Friday, 26 August 2011

Apple's Relationship with Education and the Genesis of iTunes U

Apple likes to characterise itself as a friend of education. Back in the 1990's when I was living in Chicago, the primary school my kids attended had Macs liberally installed in its classrooms. I don't remember seeing any Windows computers. That was not unusual for US schools. I always assumed there had been some good discounts and perhaps other incentives offered by Apple.

Mac lab in Springfield, Missouri - photo courtesy of Ben and Laura Kreeger on Flickr

I've seen this Steve Jobs quote indicating that it's not just education, but humanities education that Apple likes to see itself associated with: “It’s in Apple’s DNA that technology alone is not enough — it’s technology married with liberal arts, married with the humanities, that yields us the result that makes our heart sing and nowhere is that more true than in these post-PC devices.” Post-PC devices refers of course to iPhones, iPods, and iPads - all of those devices which are beginning to take the place of personal computers as the chosen methods of accessing the internet. (Along with Android phones and Blackberries, of course!)

Which brings me to iTunes U. Today I read this article Could Steve Jobs' Stepping Down as Apple CEO Affect Higher Education? and it confirmed what I thought but had never seen in print: that iTunes U grew out of experiments such as the 2004 Duke University iPod-for-every-freshman programme. Which was instigated by Apple, not by Duke. Duke is not named in this article, but I'm sure that's one of the universities being referred to.

Of course iTunes U sprang up from Apple's wish to sell post-PC devices. It was not a purely-philanthropic offering of open educational resources. In a sense it was more interesting than that -- it was a purely natural move on the part of a corporation to expand its sales base, while doing something positive for education as well. If education can live with that, it can benefit from that.

Finally, I discovered this link to Apple's Education Seminars -- some are online webinars which happen regularly. You might find some of these interesting.

Terese Bird
Learning Technologist and SCORE Fellow

Thursday, 25 August 2011

Why 'Apple control' is probably good for iTunes U and the realm of open educational resources

Today it has been announced that Steve Jobs is stepping down as CEO of Apple. He has been battling health issues for some time now and I wish him well. The announcement has given rise to numerous profiles of his career and of Apple in general. One excellent view of Jobs' career is by Robert Scoble.

In my discussions with various universities about their implementation of iTunes U,  the topic of Apple's control arises. One person described it as a 'benevolent dictatorship,' hastening to add that Apple wants to make sure that everyone has a good experience accessing the material in iTunes U, and wants to help each institution look their best. Apple does not pass judgement on individual pieces going into iTunes U; rather, it wants to see that the university has in place a good 'iTunes U team' which includes academics (so it can't be Marketing running away with the show) and who will keep the channel going. It seems to me that the end result is that universities end up doing their best to show a good profile of themselves on iTunes U. This should mean good learning material is being released. Add to that the power of Apple's presence itself, and the fact that it markets chosen materials on iTunes U, and you have a win-win situation for open educational resources (OER).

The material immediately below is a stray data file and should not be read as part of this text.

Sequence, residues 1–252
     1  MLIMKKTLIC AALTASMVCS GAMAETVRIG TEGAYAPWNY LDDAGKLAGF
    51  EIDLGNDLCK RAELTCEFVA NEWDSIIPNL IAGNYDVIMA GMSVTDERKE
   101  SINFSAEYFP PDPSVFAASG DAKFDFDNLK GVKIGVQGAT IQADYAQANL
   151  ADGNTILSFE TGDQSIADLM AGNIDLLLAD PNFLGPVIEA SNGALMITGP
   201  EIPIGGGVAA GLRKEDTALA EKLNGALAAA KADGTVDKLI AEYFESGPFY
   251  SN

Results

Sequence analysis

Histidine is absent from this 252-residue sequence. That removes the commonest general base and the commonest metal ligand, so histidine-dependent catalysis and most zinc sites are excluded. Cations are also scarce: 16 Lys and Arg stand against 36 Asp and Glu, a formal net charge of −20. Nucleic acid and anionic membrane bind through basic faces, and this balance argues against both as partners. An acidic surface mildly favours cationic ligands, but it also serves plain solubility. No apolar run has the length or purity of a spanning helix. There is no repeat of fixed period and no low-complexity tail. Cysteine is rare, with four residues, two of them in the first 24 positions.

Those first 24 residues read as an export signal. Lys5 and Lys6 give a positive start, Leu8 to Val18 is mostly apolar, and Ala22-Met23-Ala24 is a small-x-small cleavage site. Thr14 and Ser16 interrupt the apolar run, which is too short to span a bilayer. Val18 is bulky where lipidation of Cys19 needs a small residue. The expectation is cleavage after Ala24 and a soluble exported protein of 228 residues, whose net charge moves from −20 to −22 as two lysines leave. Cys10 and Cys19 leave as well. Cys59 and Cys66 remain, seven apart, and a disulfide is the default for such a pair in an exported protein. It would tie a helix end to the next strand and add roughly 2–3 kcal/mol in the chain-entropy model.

Steve Jobs in front of an early Mac computer lab in Stanford. Photo courtesy of The Seb on Flickr
YouTube as an educational material channel is certainly easier to add material into, and it can be argued that it is more accessible in that all you need is a browser. (To access iTunes U material, one must download the free iTunes U software from the Apple site -- this software works on Windows and Macs, but not on Linux). However, this simplicity means it is simple for everyone to post on YouTube, including jokers who just post whatever. Overall, and especially in comparison to iTunes U, YouTube is not characteristically seen as a source of excellent learning material, although there is certainly much excellent learning material in there.

Also, because it is so easy for jokers to post whatever in YouTube, certain governments (such as China's) prefer to block access to YouTube. But iTunes U is seen as a respectable source of learning material, and thus it is not blocked in any country as far as I know. And I have been checking.

While on the topic of comparing iTunes U with YouTube, I have recently been looking at download figures of UK universities who are offering material on both iTunes U and YouTube. I was very surprised to see that the iTunes U download figures are many times greater than the YouTube figures. I hope to be able to be more specific in upcoming reports.

Therefore, Apple being a bit of a control freak is probably a force for good in the realm of open educational materials. It's not the only model, and it's probably not the best model. But it is working.

Terese Bird
Learning Technologist and SCORE Fellow

Wednesday, 10 August 2011

What is OER? That is the question...

I saw a tweet from Tony Hirst (@psychemedia) this morning: it was a definition of OER or open educational resources:

Tony Hirst
OERs: resources that educators can reuse in teaching, or that learners can independently discover and learn from?